Opening Statement

But there’s a body in the window seat!

Yes dear, we know.



Mortimer Brewster has a lot on his mind. Once the shining beacon of professional bachelorhood, author of such books as “Mind over Matrimony”. He is now engaged to be married, and to a minister’s daughter no less. He stops by to deliver the news to his aunts, who raised him like he was their own son. To everyone in the area the Brewster sisters are model citizens, kind and caring, busy with various charities.


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“But there’s a body in the window seat!”

To Mortimer’s surprise he finds the body of an elderly man in the window seat. At first he thinks the man was killed by his brother Teddy, who is under the delusion that he is Theodore Roosevelt, complete with charges up the stairs and imaginary hunting trips to Africa.


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“Chaaaaaarge!” Teddy makes his exit.

Mortimer is completely stumped when his aunts proudly announce that they are responsible for the corpse, one Mr. Hoskins. They have been poisoning lonely, elderly men with their homemade Elderberry wine as a charity and mercy. The news that his whole family seems to be homicidal lunatics, leads to an explosion of bizarre events as Mortimer tries to simultaneously stop his aunts from killing again, keep the news away from his waiting fiancée and also prevent his newly returned, estranged brother from killing him.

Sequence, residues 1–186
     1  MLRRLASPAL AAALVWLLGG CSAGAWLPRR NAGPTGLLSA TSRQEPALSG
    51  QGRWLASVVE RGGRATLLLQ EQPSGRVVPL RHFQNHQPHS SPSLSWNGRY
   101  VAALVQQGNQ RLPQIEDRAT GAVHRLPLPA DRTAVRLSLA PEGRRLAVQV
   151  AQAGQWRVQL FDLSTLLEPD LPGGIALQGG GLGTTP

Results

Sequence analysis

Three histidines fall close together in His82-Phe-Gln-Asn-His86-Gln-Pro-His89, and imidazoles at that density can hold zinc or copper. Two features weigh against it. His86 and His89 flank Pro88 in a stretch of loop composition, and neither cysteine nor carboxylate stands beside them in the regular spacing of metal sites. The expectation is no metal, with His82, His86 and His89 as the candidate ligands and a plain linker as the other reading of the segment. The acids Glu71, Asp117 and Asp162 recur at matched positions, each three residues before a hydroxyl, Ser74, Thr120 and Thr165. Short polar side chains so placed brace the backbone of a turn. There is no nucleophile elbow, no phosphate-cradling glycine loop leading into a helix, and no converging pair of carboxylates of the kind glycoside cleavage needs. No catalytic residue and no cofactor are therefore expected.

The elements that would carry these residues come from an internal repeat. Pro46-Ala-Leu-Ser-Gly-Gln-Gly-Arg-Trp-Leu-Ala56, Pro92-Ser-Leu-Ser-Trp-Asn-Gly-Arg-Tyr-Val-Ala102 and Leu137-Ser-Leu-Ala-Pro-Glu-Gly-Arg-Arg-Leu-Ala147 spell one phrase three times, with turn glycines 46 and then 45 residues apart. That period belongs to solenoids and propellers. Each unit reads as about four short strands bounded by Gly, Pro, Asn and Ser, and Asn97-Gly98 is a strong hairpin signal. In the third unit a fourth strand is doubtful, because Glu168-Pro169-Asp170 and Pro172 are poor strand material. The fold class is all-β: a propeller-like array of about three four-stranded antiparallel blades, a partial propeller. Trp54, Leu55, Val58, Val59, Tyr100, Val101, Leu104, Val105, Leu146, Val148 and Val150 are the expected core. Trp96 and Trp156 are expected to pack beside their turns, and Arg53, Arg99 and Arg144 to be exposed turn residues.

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“Insanity runs in my family. In fact, it practically gallops.”
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Jonathon Brewster
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“I’m sorry, the cellars quite full.”

Based on the hit 1939 play, Arsenic and Old Lace is one of Frank Capra’s finest productions. The film was shot on a shoestring budget with minimal sets. Aside from a few scenes at the beginning, the entire film takes place on a small set consisting of the Brewster home, neighboring graveyard and the house where Mortimer’s fiancée Elaine lives. This film and the Hitchcock classic Rope, are two of the finest examples of this style of filmmaking.


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All tied up!

The film is visually striking despite the small sets. Subdued lighting and effective use of shadow give it just the right level of Halloween spookiness. Night scenes are truly dark, not just a blue camera gel with normal studio lighting like some films.

Clever one liners and sight gags fly all around this film. The humor is consistently funny, if very macabre at times. I can imagine this one would have been pretty edgy by 1944 standards and it generally holds up better than most comedies of the era.

Interestingly, Cary Grant was said to dislike this film, he considered his acting over the top, to the point of clownishness. Personally, I think he did a pretty good job of balancing comedy with his character’s genuine fear that he was about to be stricken by the Brewster insanity. I’ve read that Frank Capra was trying for exactly this effect and in my opinion, he succeeded spectacularly.


Verdict 4 Gavels out of 5

Very funny, very dark comedy, the perfect mix of creepy horror and comedy. A true classic and one of my favorite films of all time.


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